Woodrow Rosenbaum: There’s been a lot of new development, in particular, leveraging some technologies to bring people together, either in response to an immediate need or, or just for the long term resilience of communities, but those mutual aid benefits societies, these things have existed for a long, long time, and they continue to be a really Both a deep and sophisticated way that people are managing to deploy their resources to, to support their communities and the world.

Woodrow Rosenbaum: So we kind of look at this as a continuum of what some might call formality with. Charities and incorporated nonprofits on one end of that spectrum. And on the other end of that spectrum, just sort of responsive, direct to individual support. But in the middle, there’s a really, uh, quite a large variety of ways that people organize in [00:07:00] order to do good either.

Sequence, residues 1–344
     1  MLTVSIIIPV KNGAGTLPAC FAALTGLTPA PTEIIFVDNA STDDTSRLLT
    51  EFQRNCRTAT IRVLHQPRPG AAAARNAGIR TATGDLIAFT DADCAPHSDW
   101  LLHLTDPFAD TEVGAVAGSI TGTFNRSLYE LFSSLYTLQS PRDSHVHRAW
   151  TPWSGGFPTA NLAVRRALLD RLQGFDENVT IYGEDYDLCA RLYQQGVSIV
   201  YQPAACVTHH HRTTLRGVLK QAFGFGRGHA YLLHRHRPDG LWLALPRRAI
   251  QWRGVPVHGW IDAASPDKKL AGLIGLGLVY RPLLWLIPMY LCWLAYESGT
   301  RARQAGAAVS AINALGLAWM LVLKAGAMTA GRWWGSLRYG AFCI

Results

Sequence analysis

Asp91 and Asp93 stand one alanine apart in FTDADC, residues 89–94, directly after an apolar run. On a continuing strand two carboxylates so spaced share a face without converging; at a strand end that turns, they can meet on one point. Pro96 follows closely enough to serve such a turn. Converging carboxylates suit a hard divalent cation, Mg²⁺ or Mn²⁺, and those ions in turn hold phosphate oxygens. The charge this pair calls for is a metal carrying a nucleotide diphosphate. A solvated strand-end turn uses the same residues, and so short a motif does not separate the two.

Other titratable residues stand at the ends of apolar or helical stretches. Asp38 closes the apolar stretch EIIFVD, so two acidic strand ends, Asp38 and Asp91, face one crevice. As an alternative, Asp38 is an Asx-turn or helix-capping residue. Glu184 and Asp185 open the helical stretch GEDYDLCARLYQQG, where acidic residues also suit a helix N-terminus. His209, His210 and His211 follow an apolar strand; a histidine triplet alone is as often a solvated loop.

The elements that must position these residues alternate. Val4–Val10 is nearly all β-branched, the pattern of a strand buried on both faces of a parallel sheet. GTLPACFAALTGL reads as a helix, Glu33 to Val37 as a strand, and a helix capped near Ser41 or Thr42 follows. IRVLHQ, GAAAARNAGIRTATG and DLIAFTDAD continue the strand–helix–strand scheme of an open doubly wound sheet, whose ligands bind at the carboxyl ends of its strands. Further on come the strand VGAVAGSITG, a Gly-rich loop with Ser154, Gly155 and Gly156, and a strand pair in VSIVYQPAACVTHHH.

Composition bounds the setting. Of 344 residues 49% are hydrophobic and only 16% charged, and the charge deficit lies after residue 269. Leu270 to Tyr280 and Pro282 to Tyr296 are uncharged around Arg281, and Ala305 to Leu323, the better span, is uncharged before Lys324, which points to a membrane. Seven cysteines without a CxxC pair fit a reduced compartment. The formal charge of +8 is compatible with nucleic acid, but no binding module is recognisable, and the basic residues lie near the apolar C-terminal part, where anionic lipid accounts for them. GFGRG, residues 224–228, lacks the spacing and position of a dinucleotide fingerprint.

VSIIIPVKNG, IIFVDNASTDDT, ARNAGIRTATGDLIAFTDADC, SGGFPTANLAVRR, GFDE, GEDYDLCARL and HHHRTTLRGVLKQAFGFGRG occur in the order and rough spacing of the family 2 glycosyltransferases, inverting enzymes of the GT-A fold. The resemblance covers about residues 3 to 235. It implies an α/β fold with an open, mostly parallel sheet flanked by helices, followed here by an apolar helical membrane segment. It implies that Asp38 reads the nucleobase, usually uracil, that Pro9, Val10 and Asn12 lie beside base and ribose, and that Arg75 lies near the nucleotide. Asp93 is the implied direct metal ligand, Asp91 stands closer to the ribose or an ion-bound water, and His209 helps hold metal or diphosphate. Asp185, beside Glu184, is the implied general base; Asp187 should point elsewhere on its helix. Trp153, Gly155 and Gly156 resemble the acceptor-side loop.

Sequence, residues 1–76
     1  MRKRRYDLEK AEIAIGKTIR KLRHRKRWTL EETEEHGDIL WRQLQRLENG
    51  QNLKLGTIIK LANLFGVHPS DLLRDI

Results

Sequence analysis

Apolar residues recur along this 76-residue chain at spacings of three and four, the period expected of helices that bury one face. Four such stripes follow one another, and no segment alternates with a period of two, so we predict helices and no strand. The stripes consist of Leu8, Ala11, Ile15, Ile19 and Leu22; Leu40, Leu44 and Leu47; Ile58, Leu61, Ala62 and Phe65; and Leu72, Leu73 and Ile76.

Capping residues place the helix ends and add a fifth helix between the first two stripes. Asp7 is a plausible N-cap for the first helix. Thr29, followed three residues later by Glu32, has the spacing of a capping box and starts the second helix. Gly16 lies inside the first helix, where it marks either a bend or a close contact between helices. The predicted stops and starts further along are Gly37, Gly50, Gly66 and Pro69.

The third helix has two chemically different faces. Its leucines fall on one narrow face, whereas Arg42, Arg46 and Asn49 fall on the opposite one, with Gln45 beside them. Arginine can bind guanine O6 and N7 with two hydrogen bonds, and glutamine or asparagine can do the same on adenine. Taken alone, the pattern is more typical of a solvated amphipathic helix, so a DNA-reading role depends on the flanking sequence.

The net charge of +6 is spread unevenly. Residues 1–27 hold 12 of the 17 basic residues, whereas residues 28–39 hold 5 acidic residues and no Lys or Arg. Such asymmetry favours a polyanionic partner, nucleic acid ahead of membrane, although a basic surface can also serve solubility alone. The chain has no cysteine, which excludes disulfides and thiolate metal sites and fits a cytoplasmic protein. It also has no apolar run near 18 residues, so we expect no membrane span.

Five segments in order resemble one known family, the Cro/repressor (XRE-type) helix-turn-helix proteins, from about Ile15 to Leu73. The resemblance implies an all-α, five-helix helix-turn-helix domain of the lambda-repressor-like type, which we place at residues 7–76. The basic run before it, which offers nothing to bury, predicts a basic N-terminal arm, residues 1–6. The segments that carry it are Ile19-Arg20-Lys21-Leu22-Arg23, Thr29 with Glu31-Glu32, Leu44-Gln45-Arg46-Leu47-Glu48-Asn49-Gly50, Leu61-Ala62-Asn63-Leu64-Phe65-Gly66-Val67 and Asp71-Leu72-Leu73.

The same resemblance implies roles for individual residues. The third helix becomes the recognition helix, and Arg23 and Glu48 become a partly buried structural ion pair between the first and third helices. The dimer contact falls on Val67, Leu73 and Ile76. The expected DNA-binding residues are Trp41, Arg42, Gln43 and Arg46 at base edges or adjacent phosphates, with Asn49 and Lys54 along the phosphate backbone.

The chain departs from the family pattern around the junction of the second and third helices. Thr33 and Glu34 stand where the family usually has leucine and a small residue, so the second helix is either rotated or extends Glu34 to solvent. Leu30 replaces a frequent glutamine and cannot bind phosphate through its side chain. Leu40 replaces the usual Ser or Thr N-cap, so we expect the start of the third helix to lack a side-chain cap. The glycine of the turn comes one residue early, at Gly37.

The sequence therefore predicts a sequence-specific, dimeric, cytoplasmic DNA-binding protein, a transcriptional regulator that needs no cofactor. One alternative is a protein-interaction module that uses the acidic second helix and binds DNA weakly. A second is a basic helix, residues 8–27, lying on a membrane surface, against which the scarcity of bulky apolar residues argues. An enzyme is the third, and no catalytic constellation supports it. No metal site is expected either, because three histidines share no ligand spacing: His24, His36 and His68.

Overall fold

Woodrow Rosenbaum: Short term or on an ongoing basis. I’ll also point out that most people are doing more than one of those things. Like it’s very rare that someone’s only giving through one of these mechanisms or only giving one way or one, one type of thing. Most people, everywhere we look, you know, in some communities and some places around the world.

Woodrow Rosenbaum: Or from time to time, we might see it skew one way or the other. So in some places, you know, people’s volunteering tends to be not through nonprofits, but their money tends to go to nonprofits and other places. Their money tends to go directly to individuals, but the other ways that they, uh, that they give tends to be more through kind of mutual aid networks, that kind of thing.